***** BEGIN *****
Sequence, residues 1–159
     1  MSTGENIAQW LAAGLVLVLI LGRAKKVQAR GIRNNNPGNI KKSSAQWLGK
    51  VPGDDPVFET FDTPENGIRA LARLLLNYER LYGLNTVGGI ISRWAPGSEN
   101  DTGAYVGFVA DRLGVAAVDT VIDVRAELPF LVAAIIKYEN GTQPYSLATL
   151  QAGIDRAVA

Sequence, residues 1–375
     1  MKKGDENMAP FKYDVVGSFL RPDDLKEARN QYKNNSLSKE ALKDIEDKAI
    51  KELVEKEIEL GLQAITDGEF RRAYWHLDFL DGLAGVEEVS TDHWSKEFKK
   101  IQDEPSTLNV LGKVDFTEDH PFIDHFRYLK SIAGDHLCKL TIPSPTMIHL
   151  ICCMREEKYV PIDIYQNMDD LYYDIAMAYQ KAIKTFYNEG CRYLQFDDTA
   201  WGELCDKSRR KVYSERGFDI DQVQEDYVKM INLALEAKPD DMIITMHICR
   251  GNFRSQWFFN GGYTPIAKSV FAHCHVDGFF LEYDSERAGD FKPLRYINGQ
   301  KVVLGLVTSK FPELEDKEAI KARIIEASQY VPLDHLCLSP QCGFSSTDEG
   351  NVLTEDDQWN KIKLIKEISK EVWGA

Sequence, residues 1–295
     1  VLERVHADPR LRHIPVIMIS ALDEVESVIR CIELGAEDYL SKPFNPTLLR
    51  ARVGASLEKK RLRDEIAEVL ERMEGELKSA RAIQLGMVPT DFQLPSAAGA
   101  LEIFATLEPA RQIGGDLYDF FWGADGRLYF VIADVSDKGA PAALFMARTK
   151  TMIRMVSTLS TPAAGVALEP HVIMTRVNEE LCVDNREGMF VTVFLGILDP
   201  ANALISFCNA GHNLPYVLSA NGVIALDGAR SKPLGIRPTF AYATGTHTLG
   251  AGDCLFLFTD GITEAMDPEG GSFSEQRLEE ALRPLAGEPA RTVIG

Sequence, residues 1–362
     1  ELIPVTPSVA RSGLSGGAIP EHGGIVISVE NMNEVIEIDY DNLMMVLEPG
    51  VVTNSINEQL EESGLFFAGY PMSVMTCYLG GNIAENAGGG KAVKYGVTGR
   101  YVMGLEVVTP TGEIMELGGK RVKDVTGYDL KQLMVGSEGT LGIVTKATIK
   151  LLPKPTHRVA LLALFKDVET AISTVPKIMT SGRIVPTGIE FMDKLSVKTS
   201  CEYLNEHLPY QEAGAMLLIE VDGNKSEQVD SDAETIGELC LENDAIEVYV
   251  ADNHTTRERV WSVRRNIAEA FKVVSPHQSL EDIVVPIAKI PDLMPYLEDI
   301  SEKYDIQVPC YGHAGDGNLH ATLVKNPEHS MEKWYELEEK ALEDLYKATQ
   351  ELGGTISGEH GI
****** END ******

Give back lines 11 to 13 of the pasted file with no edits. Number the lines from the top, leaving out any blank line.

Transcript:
   201  WGELCDKSRR KVYSERGFDI DQVQEDYVKM INLALEAKPD DMIITMHICR
   251  GNFRSQWFFN GGYTPIAKSV FAHCHVDGFF LEYDSERAGD FKPLRYINGQ
   301  KVVLGLVTSK FPELEDKEAI KARIIEASQY VPLDHLCLSP QCGFSSTDEG